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Operating System Facilities

This library is implemented through table [os]{#pdf-os}.

os.clock ()

Returns an approximation of the amount in seconds of CPU time used by the program, as returned by the underlying ISO C function clock. ([format [, time]])

Returns a string or a table containing date and time, formatted according to the given string format.

If the time argument is present, this is the time to be formatted (see the os.time function for a description of this value). Otherwise, date formats the current time.

If format starts with '!', then the date is formatted in Coordinated Universal Time. After this optional character, if format is the string "*t", then date returns a table with the following fields: year, month (1--12), day (1--31), hour (0--23), min (0--59), sec (0--61, due to leap seconds), wday (weekday, 1--7, Sunday is 1), yday (day of the year, 1--366), and isdst (daylight saving flag, a boolean). This last field may be absent if the information is not available.

If format is not "*t", then date returns the date as a string, formatted according to the same rules as the ISO C function strftime.

If format is absent, it defaults to "%c", which gives a human-readable date and time representation using the current locale.

On non-POSIX systems, this function may be not thread safe because of its reliance on C function gmtime and C function localtime.

os.difftime (t2, t1)

Returns the difference, in seconds, from time t1 to time t2 (where the times are values returned by os.time). In POSIX, Windows, and some other systems, this value is exactly t2-t1.

os.execute ([command])

This function is equivalent to the ISO C function system. It passes command to be executed by an operating system shell. Its first result is true if the command terminated successfully, or fail otherwise. After this first result the function returns a string plus a number, as follows:

  • "exit": the command terminated normally; the following number is the exit status of the command.
  • "signal": the command was terminated by a signal; the following number is the signal that terminated the command.

When called without a command, os.execute returns a boolean that is true if a shell is available.

os.exit ([code [, close]])

Calls the ISO C function exit to terminate the host program. If code is true, the returned status is EXIT_SUCCESS; if code is false, the returned status is EXIT_FAILURE; if code is a number, the returned status is this number. The default value for code is true.

If the optional second argument close is true, closes the Lua state before exiting.

os.getenv (varname)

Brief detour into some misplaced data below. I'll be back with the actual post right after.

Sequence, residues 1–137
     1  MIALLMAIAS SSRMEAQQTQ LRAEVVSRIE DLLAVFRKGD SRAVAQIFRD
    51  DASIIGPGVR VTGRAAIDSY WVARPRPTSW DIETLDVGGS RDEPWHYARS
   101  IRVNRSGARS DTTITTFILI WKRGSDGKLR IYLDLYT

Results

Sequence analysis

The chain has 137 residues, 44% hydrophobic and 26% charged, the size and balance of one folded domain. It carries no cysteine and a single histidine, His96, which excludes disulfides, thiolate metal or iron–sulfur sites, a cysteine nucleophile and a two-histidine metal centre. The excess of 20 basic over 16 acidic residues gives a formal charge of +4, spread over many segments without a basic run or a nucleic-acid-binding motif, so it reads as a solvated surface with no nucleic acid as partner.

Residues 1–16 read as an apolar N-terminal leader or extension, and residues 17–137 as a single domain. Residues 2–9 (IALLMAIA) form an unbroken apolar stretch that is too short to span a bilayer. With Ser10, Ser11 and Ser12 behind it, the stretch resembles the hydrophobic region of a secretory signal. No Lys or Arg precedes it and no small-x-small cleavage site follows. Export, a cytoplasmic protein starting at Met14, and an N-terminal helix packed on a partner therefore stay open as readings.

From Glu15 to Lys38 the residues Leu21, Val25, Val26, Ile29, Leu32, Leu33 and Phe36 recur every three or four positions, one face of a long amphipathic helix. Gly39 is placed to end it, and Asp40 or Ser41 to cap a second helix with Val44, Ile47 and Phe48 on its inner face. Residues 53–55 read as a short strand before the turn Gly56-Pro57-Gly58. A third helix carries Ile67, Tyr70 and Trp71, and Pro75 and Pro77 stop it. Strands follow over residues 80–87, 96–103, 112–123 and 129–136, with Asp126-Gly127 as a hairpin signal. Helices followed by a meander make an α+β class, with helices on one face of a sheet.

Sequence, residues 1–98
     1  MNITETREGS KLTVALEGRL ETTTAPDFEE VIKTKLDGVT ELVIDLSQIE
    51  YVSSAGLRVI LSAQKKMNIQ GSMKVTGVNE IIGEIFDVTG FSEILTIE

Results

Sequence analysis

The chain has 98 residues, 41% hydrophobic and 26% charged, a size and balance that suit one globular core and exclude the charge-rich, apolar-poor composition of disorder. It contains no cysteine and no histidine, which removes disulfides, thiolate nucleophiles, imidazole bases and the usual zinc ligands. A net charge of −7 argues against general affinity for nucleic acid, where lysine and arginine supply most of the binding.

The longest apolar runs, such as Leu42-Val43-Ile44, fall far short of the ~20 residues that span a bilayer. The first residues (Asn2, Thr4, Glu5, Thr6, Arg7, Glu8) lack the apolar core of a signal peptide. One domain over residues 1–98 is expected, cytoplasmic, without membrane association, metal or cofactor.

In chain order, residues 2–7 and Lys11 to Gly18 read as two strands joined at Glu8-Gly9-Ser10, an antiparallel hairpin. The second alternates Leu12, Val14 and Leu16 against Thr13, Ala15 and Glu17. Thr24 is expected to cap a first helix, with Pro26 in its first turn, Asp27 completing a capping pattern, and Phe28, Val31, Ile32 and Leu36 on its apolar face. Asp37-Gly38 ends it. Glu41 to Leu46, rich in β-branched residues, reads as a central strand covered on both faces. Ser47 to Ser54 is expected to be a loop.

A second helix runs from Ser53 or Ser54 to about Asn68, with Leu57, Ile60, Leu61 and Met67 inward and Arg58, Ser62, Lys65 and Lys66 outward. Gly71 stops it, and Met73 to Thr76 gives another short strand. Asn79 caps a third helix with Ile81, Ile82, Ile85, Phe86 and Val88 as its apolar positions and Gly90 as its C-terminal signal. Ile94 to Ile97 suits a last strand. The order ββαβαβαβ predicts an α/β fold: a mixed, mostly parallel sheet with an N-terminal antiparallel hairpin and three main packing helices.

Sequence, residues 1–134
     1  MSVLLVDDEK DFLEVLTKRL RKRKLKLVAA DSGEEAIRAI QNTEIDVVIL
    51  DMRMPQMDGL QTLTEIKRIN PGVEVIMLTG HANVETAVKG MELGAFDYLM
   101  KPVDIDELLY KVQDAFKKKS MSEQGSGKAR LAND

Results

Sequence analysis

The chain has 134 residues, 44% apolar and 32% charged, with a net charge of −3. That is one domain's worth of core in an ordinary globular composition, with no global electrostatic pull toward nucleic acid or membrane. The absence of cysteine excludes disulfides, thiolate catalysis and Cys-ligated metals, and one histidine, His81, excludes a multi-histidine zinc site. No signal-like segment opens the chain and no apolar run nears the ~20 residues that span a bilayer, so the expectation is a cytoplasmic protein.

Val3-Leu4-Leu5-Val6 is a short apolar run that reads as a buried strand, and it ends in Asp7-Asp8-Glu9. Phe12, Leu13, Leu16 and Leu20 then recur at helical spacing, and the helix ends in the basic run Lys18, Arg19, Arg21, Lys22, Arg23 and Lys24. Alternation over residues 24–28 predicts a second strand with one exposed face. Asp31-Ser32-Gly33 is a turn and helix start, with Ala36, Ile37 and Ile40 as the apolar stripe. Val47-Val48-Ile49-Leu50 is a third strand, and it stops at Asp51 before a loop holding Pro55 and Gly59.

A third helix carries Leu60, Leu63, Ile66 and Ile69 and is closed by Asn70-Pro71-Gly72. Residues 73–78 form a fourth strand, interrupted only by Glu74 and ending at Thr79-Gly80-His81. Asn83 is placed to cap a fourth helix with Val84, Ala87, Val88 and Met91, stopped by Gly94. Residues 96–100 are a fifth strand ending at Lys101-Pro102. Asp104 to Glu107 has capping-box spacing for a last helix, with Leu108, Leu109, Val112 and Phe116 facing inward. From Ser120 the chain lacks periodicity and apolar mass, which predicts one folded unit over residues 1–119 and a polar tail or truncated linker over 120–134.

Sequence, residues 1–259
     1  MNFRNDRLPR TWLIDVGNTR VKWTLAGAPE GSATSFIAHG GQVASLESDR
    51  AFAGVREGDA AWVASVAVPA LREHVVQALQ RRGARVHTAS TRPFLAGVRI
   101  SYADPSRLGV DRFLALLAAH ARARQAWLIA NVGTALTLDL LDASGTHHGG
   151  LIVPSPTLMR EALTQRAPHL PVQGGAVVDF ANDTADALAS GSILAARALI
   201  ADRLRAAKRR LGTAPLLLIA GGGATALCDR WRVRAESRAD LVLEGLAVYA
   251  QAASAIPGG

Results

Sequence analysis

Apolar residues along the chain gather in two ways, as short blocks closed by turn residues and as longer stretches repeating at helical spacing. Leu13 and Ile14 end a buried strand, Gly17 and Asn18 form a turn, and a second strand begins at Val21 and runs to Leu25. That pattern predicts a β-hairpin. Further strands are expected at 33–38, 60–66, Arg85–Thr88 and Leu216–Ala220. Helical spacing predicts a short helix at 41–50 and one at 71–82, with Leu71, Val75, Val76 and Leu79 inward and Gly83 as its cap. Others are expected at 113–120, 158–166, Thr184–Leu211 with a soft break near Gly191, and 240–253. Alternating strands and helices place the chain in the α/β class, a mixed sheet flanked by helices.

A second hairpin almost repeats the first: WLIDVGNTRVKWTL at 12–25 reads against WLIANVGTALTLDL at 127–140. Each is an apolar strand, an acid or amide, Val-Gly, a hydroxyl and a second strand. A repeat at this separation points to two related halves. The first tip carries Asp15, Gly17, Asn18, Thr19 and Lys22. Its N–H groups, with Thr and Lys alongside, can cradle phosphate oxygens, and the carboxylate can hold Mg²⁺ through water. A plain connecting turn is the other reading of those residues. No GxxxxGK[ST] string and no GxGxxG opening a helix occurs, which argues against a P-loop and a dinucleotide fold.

Returns the value of the process environment variable varname or fail if the variable is not defined.

os.remove (filename)

Deletes the file (or empty directory, on POSIX systems) with the given name. If this function fails, it returns fail plus a string describing the error and the error code. Otherwise, it returns true.

os.rename (oldname, newname)

Renames the file or directory named oldname to newname. If this function fails, it returns fail, plus a string describing the error and the error code. Otherwise, it returns true.

os.setlocale (locale [, category])

Sets the current locale of the program. locale is a system-dependent string specifying a locale; category is an optional string describing which category to change: "all", "collate", "ctype", "monetary", "numeric", or "time"; the default category is "all". The function returns the name of the new locale, or fail if the request cannot be honored.

If locale is the empty string, the current locale is set to an implementation-defined native locale. If locale is the string "C", the current locale is set to the standard C locale.

When called with nil as the first argument, this function only returns the name of the current locale for the given category.

This function may be not thread safe because of its reliance on C function setlocale.

os.time ([table])

Returns the current time when called without arguments, or a time representing the local date and time specified by the given table. This table must have fields year, month, and day, and may have fields hour (default is 12), min (default is 0), sec (default is 0), and isdst (default is nil). Other fields are ignored. For a description of these fields, see the function.

When the function is called, the values in these fields do not need to be inside their valid ranges. For instance, if sec is -10, it means 10 seconds before the time specified by the other fields; if hour is 1000, it means 1000 hours after the time specified by the other fields.

The returned value is a number, whose meaning depends on your system. In POSIX, Windows, and some other systems, this number counts the number of seconds since some given start time (the "epoch"). In other systems, the meaning is not specified, and the number returned by time can be used only as an argument to and os.difftime.

When called with a table, os.time also normalizes all the fields documented in the function, so that they represent the same time as before the call but with values inside their valid ranges.

os.tmpname ()

Returns a string with a file name that can be used for a temporary file. The file must be explicitly opened before its use and explicitly removed when no longer needed.

In POSIX systems, this function also creates a file with that name, to avoid security risks. (Someone else might create the file with wrong permissions in the time between getting the name and creating the file.) You still have to open the file to use it and to remove it (even if you do not use it).

When possible, you may prefer to use io.tmpfile, which automatically removes the file when the program ends.